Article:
It is interesting that scientists are "reluctant to use the L word" to refer to language that dolphins and other animals use to communicate with each other. What else might it be called?
Last night, while walking past the North Meadow in Central Park, at least 100 migratory Canada geese were grazing on the lawn.
The geese towards the back of the line loudly honked a message to the geese at the front to which those geese immediately replied back.
Because people rarely walk in that part of the park at night, I am guessing the message was, "Heads up -- human and dogs in area!"
All the geese momentarily looked up, but then apparently determined I and my dogs were not a threat. There was some further light honking and then the geese casually returned to grazing.
How did the geese arrive at the decision I was not a threat?
I am not exactly sure. It could be however, that since I have passed by this area for the past week or so, the geese now recognized my dogs and me. The first night they actually backed off cautiously a short distance. Last night, they didn't.
To me, this goes to the geeses' ability to both, quickly learn and recognize, as well as to communicate that information to other geese.
As noted previously, migratory geese (unlike resident geese long acclimated to local activities and people) are generally very cautious and wary around human activity. My guess is this is why migratory geese usually choose the Central Park Reservoir to winter. It is very safe and protected from both dogs and human activity (in addition to being the last watercourse in Central Park to ice over in frigid weather).
However, there is little edible grass around the Reservoir.
While geese appear quite capable of temporarily living off fat reserves in winter and going stretches of time with little food, one supposes the geese need to "fuel up" before taking up again, the stresses of a long migration.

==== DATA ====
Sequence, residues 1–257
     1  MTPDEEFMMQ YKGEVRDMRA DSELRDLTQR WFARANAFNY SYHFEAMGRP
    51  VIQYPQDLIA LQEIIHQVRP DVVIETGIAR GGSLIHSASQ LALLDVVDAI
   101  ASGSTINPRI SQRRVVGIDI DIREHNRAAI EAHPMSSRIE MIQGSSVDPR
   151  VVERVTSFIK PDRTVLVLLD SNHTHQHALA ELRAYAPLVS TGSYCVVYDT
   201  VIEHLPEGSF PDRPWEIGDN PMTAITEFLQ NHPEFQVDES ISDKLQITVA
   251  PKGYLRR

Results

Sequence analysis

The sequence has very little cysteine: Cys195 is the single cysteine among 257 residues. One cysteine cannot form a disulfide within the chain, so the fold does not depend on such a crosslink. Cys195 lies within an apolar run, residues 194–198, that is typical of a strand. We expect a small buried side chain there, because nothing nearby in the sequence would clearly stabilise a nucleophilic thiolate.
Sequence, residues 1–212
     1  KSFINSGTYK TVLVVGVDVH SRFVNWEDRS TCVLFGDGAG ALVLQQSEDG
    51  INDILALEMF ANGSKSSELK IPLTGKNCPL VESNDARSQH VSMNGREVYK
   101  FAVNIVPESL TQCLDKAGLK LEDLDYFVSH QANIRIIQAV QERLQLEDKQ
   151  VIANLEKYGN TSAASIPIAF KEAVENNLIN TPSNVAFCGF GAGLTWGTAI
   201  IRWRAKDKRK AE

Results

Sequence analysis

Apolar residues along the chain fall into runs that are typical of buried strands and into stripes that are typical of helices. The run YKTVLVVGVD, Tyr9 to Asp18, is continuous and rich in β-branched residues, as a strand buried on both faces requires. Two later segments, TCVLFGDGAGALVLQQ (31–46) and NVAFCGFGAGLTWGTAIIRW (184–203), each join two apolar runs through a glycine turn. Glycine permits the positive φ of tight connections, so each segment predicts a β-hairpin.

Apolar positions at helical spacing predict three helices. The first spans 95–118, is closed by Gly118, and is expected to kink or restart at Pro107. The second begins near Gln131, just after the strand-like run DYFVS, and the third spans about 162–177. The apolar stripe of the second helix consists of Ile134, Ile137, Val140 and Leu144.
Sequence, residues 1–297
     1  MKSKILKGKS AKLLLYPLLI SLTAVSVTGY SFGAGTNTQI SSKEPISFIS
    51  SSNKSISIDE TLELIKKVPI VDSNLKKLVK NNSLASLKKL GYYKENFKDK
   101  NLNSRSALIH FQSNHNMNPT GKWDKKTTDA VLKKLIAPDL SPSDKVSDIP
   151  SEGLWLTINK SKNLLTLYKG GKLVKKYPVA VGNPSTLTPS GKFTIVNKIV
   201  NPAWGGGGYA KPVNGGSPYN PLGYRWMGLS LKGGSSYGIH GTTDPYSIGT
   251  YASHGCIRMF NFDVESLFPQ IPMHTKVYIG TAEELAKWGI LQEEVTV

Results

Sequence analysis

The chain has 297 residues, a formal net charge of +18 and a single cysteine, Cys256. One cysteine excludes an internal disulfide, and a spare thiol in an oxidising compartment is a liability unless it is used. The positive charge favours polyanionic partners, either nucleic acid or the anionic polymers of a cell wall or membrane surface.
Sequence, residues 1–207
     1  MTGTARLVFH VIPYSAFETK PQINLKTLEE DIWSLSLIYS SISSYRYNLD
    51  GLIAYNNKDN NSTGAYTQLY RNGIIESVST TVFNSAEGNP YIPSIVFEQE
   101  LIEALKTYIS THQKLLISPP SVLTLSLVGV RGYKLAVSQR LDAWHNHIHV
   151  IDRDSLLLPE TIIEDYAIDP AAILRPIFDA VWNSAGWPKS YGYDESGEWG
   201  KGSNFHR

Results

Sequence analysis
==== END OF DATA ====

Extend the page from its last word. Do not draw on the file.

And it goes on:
That likely explains the evening "pond hops" over the past week or two to the North Meadow.
There is virtually no dog or human activity in this area of the park at night. It is safe, quiet and there is still plenty of grass. (Apparently, the geese however, return to the "safer" Reservoir by daybreak.)
I have noticed over the past week that the flock of grazing geese on the North Meadow at night has grown to include virtually all of those at the Reservoir during the day.
Moreover, they seem to stretch out in a long line the approximate length of a city block.
This appears to me to be preparation for eventual take off for migration.
The geese are usually facing north and seem to be comprised of different, organized groups or families. There is generally active communication among them.
I don't know, but am guessing that when the geese finally take off for the northern reaches of Canada or the sub arctic, they will leave from the North Meadow and probably at night. They will take off in "waves" very much the same way they arrived to the Reservoir in the early days and nights of January.
And though the frigid weather and blistering winds of the past week in New York City might not have been conducive to taking off for spring migrations, that time should be arriving shortly.
Already the trees and plants are beginning to show new buds and bulbs. Temperatures and recent storms may not have demonstrated it, but spring is slowly, but surely on the way.
So yes, a lot of movement, activity and "fueling up" among the migratory geese these days.
And a lot of honking and "discussion."
Whether those communications be to warn of changes or possible "threats" in the area or to discuss the plans for actual migrations and when, may not be within our human grasps to understand at the moment.
But, for sure, they are "language."
I personally have no reluctance in calling them such. -- PCA